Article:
Arbitrary File Upload Vulnerability

This article will talk about the Arbitrary File Upload Vulnerabilities noticed on numerous WordPress website plugins and which pose a serious concern in terms of the website’s security. Some of the popular plugins affected by this are-

  • PHP Event Calendar
  • WpShop – eCommerce
  • IP-Logger
  • Open Flash Chart Core
  • Ultimate Member
  • JS Job Manager
  • KingComposer
  • 3D Product configurator for WooCommerce Users can upload various music, images, documents etc. through the mentioned tools on WordPress. But this freedom to upload can be exploited by many hackers to perform malicious tasks since they can upload PHP or ASP script files and execute them to gain access to the web server. Let us see what the vulnerabilities exactly are and how to prevent these.

Types of File Upload Vulnerabilities

There are primarily two types of file vulnerabilities observed till now in the WordPress plugins. We can name them according to the basic uploading methods that the hacker utilizes and how it leads to the breakdown of the site. These two types are-

  1. Local Upload Vulnerabilities
  2. Remote Upload Vulnerabilities Let us examine these in detail, delving into the source of the vulnerabilities and how they can be efficiently prevented.

Local Upload Vulnerabilities

It is a vulnerability where the hacker directly uploads a file to the website through a faulty application and then executes the file to fulfill the malicious task. If we look at the script “includes/ajax.php” in the Wpshop – eCommerce 1.3.9.5, we notice a vulnerability which allowed anonymous users to execute different actions (https://g0blin.co.uk/g0blin-00036/). The “elementCode” parameter names the action that can be executed. One of these is the ‘ajaxUpload’ action, which allows the upload of arbitrary files due to the lack of proper filtering of the user input. This was reported in 2015, and presently the issue has been resolved. But it exposes the vulnerability that various other plugins may contain. This led to the discovery of some basic mistakes that the developers make, and which result in loss of control. The problem arises due to the following major blunders performed-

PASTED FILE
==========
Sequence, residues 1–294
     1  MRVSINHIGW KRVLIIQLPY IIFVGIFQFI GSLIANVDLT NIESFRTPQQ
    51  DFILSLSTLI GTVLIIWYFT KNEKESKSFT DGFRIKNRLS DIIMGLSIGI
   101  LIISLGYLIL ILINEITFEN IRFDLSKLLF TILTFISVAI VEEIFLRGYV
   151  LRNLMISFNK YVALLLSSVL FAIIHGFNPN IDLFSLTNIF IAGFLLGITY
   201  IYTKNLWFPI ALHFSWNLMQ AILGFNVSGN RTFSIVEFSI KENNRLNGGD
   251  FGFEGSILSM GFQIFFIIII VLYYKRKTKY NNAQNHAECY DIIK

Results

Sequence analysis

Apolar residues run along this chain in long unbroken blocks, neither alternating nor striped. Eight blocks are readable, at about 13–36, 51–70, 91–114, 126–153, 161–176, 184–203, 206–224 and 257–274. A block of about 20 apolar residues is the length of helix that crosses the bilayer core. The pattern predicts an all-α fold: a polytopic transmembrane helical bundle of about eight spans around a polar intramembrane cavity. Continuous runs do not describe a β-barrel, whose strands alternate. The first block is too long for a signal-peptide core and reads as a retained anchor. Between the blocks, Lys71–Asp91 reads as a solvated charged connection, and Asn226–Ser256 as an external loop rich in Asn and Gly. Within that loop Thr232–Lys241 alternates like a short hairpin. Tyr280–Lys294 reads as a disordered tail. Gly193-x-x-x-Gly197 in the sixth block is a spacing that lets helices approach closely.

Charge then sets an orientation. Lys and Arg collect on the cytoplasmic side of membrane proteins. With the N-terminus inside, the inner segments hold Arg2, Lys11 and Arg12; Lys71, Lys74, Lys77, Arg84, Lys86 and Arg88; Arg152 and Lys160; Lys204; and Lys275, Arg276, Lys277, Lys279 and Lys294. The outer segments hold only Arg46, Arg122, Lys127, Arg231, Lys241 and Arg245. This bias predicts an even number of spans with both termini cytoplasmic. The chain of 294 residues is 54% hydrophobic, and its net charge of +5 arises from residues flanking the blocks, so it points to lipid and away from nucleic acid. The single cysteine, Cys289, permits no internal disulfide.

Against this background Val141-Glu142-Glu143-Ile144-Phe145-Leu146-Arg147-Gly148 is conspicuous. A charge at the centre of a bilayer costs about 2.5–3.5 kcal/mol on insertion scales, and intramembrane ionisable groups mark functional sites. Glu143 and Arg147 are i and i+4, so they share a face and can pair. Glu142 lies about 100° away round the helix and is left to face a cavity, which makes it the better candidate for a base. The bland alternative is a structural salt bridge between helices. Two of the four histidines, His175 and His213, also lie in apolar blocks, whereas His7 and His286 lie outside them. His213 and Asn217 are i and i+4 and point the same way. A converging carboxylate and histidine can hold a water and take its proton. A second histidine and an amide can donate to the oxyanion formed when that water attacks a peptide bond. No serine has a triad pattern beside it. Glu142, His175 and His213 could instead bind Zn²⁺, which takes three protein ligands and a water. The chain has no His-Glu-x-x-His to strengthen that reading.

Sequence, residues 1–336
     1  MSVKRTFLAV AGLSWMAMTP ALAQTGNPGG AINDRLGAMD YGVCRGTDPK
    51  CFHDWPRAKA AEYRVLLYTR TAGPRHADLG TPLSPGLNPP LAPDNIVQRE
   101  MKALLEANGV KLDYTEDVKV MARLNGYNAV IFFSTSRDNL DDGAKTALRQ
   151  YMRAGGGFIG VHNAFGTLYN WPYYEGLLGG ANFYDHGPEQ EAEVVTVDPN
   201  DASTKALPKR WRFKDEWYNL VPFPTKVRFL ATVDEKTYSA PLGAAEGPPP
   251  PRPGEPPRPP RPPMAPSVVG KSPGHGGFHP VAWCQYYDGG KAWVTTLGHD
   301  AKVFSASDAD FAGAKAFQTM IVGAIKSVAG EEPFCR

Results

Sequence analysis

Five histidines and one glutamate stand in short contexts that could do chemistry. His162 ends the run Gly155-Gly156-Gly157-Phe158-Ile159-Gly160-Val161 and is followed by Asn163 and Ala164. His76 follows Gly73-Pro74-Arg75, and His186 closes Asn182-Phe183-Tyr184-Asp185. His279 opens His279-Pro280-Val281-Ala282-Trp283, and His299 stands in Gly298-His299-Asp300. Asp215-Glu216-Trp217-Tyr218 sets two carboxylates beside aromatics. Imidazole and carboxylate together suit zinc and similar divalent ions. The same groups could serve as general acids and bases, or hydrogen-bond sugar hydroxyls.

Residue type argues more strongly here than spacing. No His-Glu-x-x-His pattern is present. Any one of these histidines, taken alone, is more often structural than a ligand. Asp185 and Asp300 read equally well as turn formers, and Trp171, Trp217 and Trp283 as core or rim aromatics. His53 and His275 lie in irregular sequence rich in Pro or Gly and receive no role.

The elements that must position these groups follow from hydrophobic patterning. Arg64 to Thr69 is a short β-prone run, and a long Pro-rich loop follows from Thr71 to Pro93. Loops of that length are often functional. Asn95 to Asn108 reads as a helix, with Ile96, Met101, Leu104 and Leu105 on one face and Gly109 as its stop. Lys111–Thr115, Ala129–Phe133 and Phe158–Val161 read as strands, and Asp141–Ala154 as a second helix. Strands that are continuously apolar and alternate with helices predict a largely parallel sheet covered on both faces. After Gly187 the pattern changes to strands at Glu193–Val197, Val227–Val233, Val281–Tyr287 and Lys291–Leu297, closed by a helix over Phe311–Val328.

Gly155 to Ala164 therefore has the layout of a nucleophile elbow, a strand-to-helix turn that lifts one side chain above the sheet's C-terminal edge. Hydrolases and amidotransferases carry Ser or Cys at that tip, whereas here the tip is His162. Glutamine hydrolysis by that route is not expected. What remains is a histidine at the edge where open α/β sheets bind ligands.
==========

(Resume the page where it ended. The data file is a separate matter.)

1. The lack of proper authentication on the part of the user results in the unclear identity of the user, and thus an unidentified person can get access to the upload page and use it for arbitrary file transfers. The hackers do not need to sign-in onto the page and still, they would be able to upload the file onto the server of the website. The developer in such a case needs to impose a check so that the identity of the user can be verified before acceptance of any kind of file from the user. The following code snippet shows how it can work for this matter.

    If(!currentusercan(‘uploadfiles’)) //Checking the users uploading permission Wpdie((‘Upload permission not granted!’)); //Further file upload process resumes

  2. The name of the file can be ambiguous, and this results in the bypassing of any checks that the developers may have implemented. For example, a PHP script file may be uploaded with the extension of an image file like “.jpg”, and this would be readily accepted as a response. But later this file can be executed by the attacker to gain access and perform other malicious tasks.

    Thus, developers need to be extra careful to check that the file extension is not tampered with and sent, which can be later executed on the web server. They can use already present WordPress native tools which check the authenticity of a given file and then give an approval. Else, the developer can use a code snippet, as mentioned below, to implement a check for the same.

$fileInfo = wp_check_filetype(basename($_FILES[‘wpshop_file’][‘name’])); //Checking the uploaded file’s extension If (!empty($fileInfo[‘ext’])) { // Valid file entered } else // Invalid file entered }

In this code the developer has implemented the “wp_check_filetype()” function to verify the extension of the file to be uploaded and hence provide permission for further steps to be performed. The function by default prevents files that are of executable type or contain executable codes to be uploaded.

Further protection can be implemented by putting a mime check that would allow only images to be uploaded. This is simply setting up an array of allowable extensions. After the file has been verified, the file upload will be handled by the native WordPress function “wp_handle_upload()”. This function would take a reference to the allowable file types entered and return an array containing the URL, path and the time of the upload being sent.